INTRANET

Evaluation

This short evaluation aims to provide some insight in how the summer school attendants valued our summer school and certain elements in it. More importantly it will list the constructive criticism many of the attendants have made that can be used to improve the quality of further summer schools.

The overall score on the evaluation forms is high. Taking together, the three elements attendants were asked to evaluate (overall structure, achievement of objectives and the individual themes), the score is a solid 4.0 (on a scale from 1 to 5). This is an obvious indication that attendants were quite enthusiastic about the whole week.

In the following the three elements will be dealt with separately. First interesting outcomes of the evaluation will be given. Followed by an overview of the comments of participants. The evaluation ends on conclusions with a list of recommendations.

Overall structure

The attendants seem to be very pleased with the structure of the summer school it scores a 4.1. The one-week format, the social programme and above all, the overall organisation by CHEPS are highly valued (respectively 4.5, 4.5 and 4.6). The attendants are more critical about the preparation through email, an element that scores a meagre 3.3.

The comments attendants have on the overall structure fall apart in three categories: preparation, format and facilities. In terms of preparation several attendants state that they would like to do more pre-summer-school work. Two recommendations were made by attendants. First, that it should be clearer how much of the reading should be done beforehand. Second, that preparation through email should be more formally co-ordinated.

In general attendants like the week and the format: 'Great informative week. Great concept.' Criticism is aimed at three elements. First, a lack of small group discussion, i.e. some attendants would have liked to have more inter-action with there sub-group. On attendant suggests an 'introductions without a conclusion followed by small group discussion (five groups) followed by a plenary debate. This creates livelier debate and more sub-group co-operation.' On the other hand one attendant states 'Great experience. Succeeded in creating an atmosphere in which it was possible to speak to 35 people personally during the week.' So the problem of a large group is not felt by everyone.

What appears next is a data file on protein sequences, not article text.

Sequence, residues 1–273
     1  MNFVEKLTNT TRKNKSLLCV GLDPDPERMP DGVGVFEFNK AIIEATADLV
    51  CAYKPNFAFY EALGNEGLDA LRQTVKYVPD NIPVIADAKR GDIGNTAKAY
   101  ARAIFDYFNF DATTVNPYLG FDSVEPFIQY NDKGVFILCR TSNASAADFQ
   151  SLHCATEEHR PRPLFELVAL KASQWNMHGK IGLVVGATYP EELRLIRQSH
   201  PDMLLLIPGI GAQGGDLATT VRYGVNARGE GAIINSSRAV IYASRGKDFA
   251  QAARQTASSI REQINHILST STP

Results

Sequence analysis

In the second place several attendants found the programme too tight. They would have liked to use the CHEPS-library or the town and found they had no time that. Several suggestions are made: '

  • 'Theme two and four can be combined'
  • 'Four themes with one day for reflection/ review'
  • 'More focus on innovative approaches and shorter paper presentations.

Thirdly, three attendants mention that an internationally more balanced composition would improve the summer school. Specifically the under-representation of Central and Eastern Europe and the absence of South Americans are mentioned.

Several people state that CHEPS staff and students looked after the attendants extremely well. But in terms of facilities there are three complaints made by several attendants. First that access to IT should be provided. Secondly that the catering should be improved. Both the fact that water was not always available and the monotony of the lunches were mentioned. Finally there should be more information on where to eat after the summer school. One attendant suggested we build a good a good restaurant on Campus. Another suggested providing a one-page summer school survival guide, with information on where to eat and at what time things close, etc. The social programme is generally liked. Only one attendant complains that there was no music from Monday to Thursday and suggests an outing to Hengelo.

Achievement of objectives

Attendants were quite happy with the extent to which the summer school achieved its objectives. The attendants were especially positive about the possibility to meet the established scholars in higher education research (rewarding it with a score of 4.4). They were most critical about the contribution the summer school made to the development of 'innovative directions for research relevant to contemporary and future higher education issues and themes' valuing it with a score of 3.4.

In terms of the objectives comments are made with regard to the learning experience. Most attendants found the summer school stimulating:

  • 'It was helpful to spend time with people working in similar area.'
  • 'It has helped to clarify ideas in regard to thesis.'
  • 'Lot of new ideas for starting a thesis.'

One attendant complains that: 'the more vocal students got more attention, this was a barrier to express ideas that were not clear on one's mind.' This point is obviously linked to the one above on working in smaller groups.